Looking to negotiate a better deal on your current investment portfolio or to purchase your first investment property?
Property Investment Plan
A good idea for any property investor is to first put together a plan. This might include thoughts about what you want to achieve. With a plan in place you can accurately measure your progress. It is also a good idea to understand what other goals you have in life and how property investment might affect with these ambitions.
Property Investment Tax Considerations
Some property related expenses are tax deductible. This might include the interest you pay on the home, repairs and maintenance and insurance costs for example. For information on the tax treatment of property investment visit the Australian Tax Office: rental property expenses page.
Property Investment Positive Gearing
A positive geared property means that the income you receive from your investment property (rent) is greater than all of the expenses associated with it. Expenses include interest, council rates, property management and repairs and maintenance.
Property Investment Negative Gearing
When the income earned from an investment property (rent) is less than all of the expenses associated with it, owners of the investment property need to make up the difference from other sources of income. The loss on the property investment can reduce the tax payable on the owner’s other income. This strategy is referred to as negative gearing. The plan for the investor is generally that the property will increase in value to compensate for the negative gearing effect.
|Property Investment Expenses to Consider
The expenses related to property investment might include:
|Property Investment Depreciation
For investment property items such as furniture and some appliances, you can claim a depreciation deduction. This is done by writing off the cost of the item over a set number of years (effective life). The Australian Tax Office has prepared schedules which set out what it considers to be an appropriate effective life for various assets. It may be a good idea to talk with a quantity surveyor or accountant to make full use of the deductions. For information on the tax treatment of property investment visit the ATO Deduction for decline in value of depreciating assets – property investment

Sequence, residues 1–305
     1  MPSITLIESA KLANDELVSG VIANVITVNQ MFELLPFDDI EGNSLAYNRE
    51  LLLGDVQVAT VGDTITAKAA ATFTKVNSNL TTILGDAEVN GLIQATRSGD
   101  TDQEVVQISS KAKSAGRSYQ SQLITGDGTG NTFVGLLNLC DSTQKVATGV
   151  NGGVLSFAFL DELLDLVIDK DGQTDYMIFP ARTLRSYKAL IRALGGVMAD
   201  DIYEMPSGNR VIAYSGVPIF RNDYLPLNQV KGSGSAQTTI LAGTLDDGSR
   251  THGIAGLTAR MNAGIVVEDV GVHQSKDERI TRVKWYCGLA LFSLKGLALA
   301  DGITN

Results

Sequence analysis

Property Investment Landlord Insurance
Landlord insurance protects your rental property against damage covered within the insurance policy terms, like fire ,theft or storm. Additional options are often available that include protection for loss of rental income or malicious damage to the property due to the tenant.
Property Investment Ownership Structure
There are many different ways to own an investment property. You should get advice from your accountant or lawyer before deciding which structure would be suit your plan or goals.
Individual or joint ownership: If you buy an investment property in your own name or in joint names; rental income and expenses are added to your personal income for tax purposes. For information on the tax treatment of property investment visit the Australian Tax Office: rental property expenses page.
Trusts: A trust can make it easier to share the income received from property investment to the beneficiaries of the trust such as other people within your family. A trust deed would need to be prepared and the trust will have a separate tax return adding to the accounting expenses of the property investment.
Company: A company can be established to purchase an investment property. The rental property is owned by the company and income and expenses are accounted for in the companies tax return. Further information about starting a company can be found at ASIC Starting a company.